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4 Things to Do Before You Start House-Hunting

If you’re interesting in buying a home, taking a few steps before you start looking can save a lot of time and trouble. Looking at house after house without a plan to help hone in on your priorities can be a frustrating waste of time. Or you may find a home you love, only to discover that you can’t qualify for a mortgage or afford a home in this price range. The following steps will help you have a firm grasp of what you’re looking for, what you can afford to pay, and how easy it may be for you to qualify for a mortgage loan:

Figure out what you can afford

One of the first steps you should take it to figure out what kind of monthly payment you can afford. If you’re paying monthly rent or another mortgage payment now, has it been manageable? Could you comfortably handle a higher payment, or should you look for a somewhat lower monthly obligation? 

Keep in mind that your mortgage payment may also include property taxes and insurance. Property taxes and the interest on your mortgage loan are usually tax deductible, so that may lessen some of the financial burden at tax time.

Figuring out what you can afford will help you determine what price range of houses you should be looking at. This way, you won’t waste time and become frustrated by looking at homes that you can’t afford.

Clean up your credit history if needed

Your credit history has a large impact on whether you can get a mortgage loan and the interest rate you’ll pay on that loan. Take the time before you start looking to get a copy of your credit report. The Federal Trade Commission recommends using annualcreditreport.com to get a free copy. If your report has errors, you’ll have time to correct them. And if you have some late payments reflected on your report, you should make sure to pay every bill on time every time in the future.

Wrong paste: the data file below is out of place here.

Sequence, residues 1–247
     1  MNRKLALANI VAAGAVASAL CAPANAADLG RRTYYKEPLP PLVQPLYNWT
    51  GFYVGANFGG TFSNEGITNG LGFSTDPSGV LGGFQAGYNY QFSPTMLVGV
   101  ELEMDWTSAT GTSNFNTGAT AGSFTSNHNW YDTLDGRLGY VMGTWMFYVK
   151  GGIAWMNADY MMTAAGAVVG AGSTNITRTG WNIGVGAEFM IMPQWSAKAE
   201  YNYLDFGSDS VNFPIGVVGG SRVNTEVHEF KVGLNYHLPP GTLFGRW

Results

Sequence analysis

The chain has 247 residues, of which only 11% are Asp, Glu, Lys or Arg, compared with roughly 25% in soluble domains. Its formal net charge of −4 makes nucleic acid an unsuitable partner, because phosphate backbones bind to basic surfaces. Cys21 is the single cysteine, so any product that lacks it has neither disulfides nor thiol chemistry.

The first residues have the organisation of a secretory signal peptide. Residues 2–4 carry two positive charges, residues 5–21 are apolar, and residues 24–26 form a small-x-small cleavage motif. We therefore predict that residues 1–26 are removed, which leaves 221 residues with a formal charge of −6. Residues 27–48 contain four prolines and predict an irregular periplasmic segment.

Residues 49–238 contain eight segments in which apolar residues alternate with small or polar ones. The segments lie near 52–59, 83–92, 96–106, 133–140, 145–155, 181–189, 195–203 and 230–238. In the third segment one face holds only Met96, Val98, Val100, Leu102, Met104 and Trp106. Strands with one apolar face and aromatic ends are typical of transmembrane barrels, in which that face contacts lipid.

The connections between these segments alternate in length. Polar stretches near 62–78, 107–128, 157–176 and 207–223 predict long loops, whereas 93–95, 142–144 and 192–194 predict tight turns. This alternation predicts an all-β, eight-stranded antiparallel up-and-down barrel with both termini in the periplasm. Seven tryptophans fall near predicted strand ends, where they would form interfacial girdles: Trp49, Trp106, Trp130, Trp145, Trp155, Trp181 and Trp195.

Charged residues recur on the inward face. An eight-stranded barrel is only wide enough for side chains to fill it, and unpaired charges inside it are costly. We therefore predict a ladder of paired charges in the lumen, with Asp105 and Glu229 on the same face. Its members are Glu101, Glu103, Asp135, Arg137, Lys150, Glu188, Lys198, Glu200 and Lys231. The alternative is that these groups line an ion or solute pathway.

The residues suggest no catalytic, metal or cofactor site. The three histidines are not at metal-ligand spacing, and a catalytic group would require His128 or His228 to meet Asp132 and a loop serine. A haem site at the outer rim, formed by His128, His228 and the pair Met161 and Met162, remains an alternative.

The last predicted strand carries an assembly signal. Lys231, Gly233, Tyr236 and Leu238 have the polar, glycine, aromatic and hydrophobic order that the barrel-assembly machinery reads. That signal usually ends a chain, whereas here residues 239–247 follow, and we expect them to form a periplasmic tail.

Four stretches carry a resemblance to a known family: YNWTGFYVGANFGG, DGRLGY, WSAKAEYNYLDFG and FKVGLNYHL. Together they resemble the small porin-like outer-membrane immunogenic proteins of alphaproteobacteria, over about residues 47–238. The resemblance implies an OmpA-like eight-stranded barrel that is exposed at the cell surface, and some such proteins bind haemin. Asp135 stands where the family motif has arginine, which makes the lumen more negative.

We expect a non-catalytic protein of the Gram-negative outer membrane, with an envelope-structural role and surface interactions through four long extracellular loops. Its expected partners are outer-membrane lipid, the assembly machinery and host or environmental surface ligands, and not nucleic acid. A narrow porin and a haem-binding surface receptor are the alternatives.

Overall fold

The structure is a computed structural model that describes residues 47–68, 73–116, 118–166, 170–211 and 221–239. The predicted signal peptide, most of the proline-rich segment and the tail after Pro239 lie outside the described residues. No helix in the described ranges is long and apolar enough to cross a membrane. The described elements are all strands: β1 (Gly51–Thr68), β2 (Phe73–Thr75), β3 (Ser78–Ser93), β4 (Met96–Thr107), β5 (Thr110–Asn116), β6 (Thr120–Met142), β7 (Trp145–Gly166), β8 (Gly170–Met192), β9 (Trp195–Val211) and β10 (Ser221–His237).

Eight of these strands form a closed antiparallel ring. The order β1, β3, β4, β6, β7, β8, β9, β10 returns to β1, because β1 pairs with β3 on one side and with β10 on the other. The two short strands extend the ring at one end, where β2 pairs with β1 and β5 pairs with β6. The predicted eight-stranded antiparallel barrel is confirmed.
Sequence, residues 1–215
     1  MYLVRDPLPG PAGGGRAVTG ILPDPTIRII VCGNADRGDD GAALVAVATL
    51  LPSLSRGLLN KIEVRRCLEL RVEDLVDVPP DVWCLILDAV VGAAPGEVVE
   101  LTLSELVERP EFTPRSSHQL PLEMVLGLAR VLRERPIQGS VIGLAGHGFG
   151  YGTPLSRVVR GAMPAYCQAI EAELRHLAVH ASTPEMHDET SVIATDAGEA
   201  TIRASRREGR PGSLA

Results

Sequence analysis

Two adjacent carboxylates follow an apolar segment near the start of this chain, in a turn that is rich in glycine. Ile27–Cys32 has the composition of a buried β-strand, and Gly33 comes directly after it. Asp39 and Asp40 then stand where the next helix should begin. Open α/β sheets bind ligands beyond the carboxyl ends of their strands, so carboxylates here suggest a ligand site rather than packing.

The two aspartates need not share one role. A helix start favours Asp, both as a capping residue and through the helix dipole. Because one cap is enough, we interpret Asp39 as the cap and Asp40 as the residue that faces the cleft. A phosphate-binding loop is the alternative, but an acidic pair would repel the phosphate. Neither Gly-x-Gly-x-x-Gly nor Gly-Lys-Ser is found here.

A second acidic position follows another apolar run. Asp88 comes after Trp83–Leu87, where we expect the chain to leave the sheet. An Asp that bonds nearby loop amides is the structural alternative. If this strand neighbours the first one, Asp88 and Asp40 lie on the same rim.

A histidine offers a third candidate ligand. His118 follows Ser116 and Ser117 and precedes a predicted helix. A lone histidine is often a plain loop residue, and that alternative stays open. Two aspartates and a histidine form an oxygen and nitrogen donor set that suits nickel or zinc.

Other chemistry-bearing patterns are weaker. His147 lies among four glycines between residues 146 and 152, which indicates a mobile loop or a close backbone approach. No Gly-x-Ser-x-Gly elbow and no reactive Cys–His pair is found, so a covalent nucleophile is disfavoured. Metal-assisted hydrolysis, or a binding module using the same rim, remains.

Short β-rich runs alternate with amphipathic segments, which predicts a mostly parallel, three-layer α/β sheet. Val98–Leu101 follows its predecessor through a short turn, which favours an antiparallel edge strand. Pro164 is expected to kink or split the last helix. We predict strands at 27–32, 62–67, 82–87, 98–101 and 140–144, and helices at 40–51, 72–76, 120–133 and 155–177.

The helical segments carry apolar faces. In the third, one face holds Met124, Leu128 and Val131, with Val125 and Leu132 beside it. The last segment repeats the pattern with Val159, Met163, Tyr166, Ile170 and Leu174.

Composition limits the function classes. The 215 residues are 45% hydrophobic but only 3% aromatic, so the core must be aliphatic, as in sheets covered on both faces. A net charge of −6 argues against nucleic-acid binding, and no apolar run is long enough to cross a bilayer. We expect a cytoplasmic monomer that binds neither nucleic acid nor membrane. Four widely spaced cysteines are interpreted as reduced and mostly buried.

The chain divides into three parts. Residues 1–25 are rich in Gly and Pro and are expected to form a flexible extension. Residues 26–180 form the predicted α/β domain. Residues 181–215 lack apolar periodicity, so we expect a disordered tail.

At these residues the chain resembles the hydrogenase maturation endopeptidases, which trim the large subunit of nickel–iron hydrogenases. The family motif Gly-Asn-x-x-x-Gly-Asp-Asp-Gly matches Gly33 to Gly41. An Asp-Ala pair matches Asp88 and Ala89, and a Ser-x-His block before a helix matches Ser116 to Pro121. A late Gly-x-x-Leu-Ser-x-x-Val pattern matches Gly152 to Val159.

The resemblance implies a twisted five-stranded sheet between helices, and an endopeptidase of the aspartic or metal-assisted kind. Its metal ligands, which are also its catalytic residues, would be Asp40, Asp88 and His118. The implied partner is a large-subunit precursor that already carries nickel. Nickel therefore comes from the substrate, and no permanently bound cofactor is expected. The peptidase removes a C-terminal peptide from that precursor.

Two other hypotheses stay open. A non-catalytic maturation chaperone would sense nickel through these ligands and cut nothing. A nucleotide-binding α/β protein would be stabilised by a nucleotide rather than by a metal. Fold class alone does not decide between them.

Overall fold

Raising your credit score will put you in a better position when it comes time to apply for a mortgage. A score that’s too low may disqualify you from obtaining a mortgage or result in a higher interest rate if you do get the loan.

Save for additional expenses

Home ownership, especially if you’re a first-time buyer, involves more than just a monthly mortgage payment. You’ll probably need a down payment, as well as money saved to pay for routine maintenance. You may also have additional expenses for lawn-care equipment, window treatments, appliances, and other needs. 

Make sure that you have enough saving to cover an initial stream of expenses, plus some more in reserve for ongoing maintenance.

Make a list of priorities

Take some time to figure out what’s important to you in a home. Make a list, and divide it into “must haves” and “would to like to haves.” For example, you might think it would be nice, but not completely necessary, to have a garage. On the other hand, you may determine that a big backyard is non-negotiable.

Some elements can be changed if you’re willing to put some money into the house. For example, if you have your heart set on granite counter tops but find a home with everything but that feature, you can always have them installed later.

By planning ahead before you actually start house-hunting, you can put yourself in the best possible position to be able to find — and afford — a house that you’ll love. You’ll look only at houses that meet your “must-have” priorities and that are in your price range. You’ll be able to secure a monthly mortgage payment that doesn’t leave you financially strapped each month. And finally, you’ll have enough money to buy what you’ll need to properly maintain your home.